Tad DeHaven

Rep. Bill Shuster (R-PA) is the new chairman of the House Transportation and Infrastructure Committee. His father, Bud, chaired the committee from 1995 to 2001 and would have been a first-ballot inductee into the Porker Hall of Fame if one existed. Having ridden his dad’s coattails into office, the big government apple hasn’t fallen far from the tree.

The following are some notable excerpts from a Politico article on the new chairman:

Shuster says he’s up to the tough task and is already separating himself from [John] Mica (R-Fla.), whose hard-line stance on not raising the federal gas tax contrasts with Shuster’s openness. Shuster wants to explore — but not necessarily enact — a bevy of funding opportunities, including the gas tax, more tolling, a miles-traveled fee for vehicles and tying energy production to infrastructure.

In other words, Shuster is looking for more money to play with. No wonder his Democratic counterpart in the Senate is enthusiastic:

Still, Shuster’s generally been a hit with Democrats. [Sen. Barbara] Boxer, in charge of the Senate’s Environment and Public Works Committee that handles the most significant parts of the upper chamber’s transportation legislation, had nothing but praise for the new chairman. Boxer said they have a “very nice working relationship” and have already talked about sitting down to lay groundwork for the next [transportation] bill, which both lawmakers hope will be longer than the 27-month law signed by Obama this summer.

There has been chatter in recent years about eliminating the federal gas tax and allowing the states to reassume responsibility for transportation policy. (For more on that topic, see this Cato essay on federal highway funding.) With Shuster in charge, consider any momentum in that direction dead given that he “strongly opposes” it according to Politico.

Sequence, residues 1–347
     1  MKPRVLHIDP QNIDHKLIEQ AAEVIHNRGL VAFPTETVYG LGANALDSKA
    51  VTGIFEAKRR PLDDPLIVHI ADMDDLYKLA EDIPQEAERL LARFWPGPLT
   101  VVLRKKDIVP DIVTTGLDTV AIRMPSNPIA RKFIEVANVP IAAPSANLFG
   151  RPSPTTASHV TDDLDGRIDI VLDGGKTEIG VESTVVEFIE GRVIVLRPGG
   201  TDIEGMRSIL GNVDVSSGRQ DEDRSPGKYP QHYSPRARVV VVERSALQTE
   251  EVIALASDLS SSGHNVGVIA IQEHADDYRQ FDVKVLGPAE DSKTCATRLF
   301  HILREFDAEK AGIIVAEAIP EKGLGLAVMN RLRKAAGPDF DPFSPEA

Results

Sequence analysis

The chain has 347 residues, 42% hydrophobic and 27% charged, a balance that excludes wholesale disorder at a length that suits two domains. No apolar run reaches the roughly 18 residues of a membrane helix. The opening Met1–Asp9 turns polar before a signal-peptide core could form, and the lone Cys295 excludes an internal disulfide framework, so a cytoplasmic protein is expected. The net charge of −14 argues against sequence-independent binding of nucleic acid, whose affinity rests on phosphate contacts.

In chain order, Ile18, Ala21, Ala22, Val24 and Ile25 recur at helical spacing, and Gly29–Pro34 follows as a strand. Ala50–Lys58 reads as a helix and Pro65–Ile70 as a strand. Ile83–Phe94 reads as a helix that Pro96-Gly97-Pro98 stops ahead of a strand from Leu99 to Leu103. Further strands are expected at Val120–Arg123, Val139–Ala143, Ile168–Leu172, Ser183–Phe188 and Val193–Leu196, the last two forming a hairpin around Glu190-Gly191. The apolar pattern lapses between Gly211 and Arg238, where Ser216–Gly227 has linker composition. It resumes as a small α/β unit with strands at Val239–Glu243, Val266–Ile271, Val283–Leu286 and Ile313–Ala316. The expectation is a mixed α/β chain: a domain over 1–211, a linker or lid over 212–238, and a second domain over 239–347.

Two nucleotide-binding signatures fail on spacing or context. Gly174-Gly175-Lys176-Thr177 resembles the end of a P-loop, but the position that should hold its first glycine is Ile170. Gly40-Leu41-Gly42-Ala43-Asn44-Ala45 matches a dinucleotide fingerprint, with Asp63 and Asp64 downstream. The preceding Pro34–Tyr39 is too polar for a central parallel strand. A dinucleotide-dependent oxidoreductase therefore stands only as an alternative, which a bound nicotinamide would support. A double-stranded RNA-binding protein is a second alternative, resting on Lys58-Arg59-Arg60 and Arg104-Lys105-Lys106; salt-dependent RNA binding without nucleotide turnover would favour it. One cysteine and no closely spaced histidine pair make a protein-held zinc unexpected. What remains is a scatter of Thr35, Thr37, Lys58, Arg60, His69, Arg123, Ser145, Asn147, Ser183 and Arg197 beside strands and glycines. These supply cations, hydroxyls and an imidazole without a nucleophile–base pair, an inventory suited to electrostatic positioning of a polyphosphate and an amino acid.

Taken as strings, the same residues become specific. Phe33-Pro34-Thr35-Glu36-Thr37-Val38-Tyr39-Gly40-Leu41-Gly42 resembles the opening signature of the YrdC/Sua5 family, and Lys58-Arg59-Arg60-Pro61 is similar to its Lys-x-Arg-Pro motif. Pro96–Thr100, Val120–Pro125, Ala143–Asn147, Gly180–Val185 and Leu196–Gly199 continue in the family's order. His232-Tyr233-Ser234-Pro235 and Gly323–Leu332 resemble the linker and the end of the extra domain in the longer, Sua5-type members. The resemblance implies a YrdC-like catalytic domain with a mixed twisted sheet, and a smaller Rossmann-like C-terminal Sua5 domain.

While Shuster’s elevation to chairman is disappointing from a limited government standpoint, his rise was probably inevitable. He bid his time, carried the House Republican leadership’s water, and now it’s time to collect:

Shuster is also more tapped into House leadership than Mica, serving on the whip team, and one well-connected transportation lobbyist said that could deliver more autonomy. “I think that he is motivated by using his position in the majority and with the blessing of leadership to really get something done,” the lobbyist said. [Democratic Rep. Nick] Rahall told POLITICO his relationships with Shuster and his dad are “excellent” and that he hopes Shuster’s closeness with top GOP brass will give him the green light to run the committee his own way. “By his own admission [Mica] didn’t run the show. And I’m looking forward to Mr. Shuster running the show,” Rahall said. “It’s my hope that he will have more autonomy. I recall his father bucking the leadership on their side, i.e., Mr. [former House Speaker Newt] Gingrich, from the get-go. And winning.”

Two weeks ago the House GOP leadership purged four Republicans for putting limited government principle over party on too many votes. In the aftermath, a GOP source told The Hill that Boehner told Republican that the purge wasn’t ideological and pointed to “some of the people the Steering Committee put in charge of committees.”

Giving Bill Shuster a gavel does not support the Speaker’s claim.


Tad DeHaven

Tad DeHaven is a budget analyst at the Cato Institute. Previously he was a deputy director of the Indiana Office of Management and Budget. DeHaven also worked as a budget policy advisor to Senators Jeff Sessions (R-AL) and Tom Coburn (R-OK).

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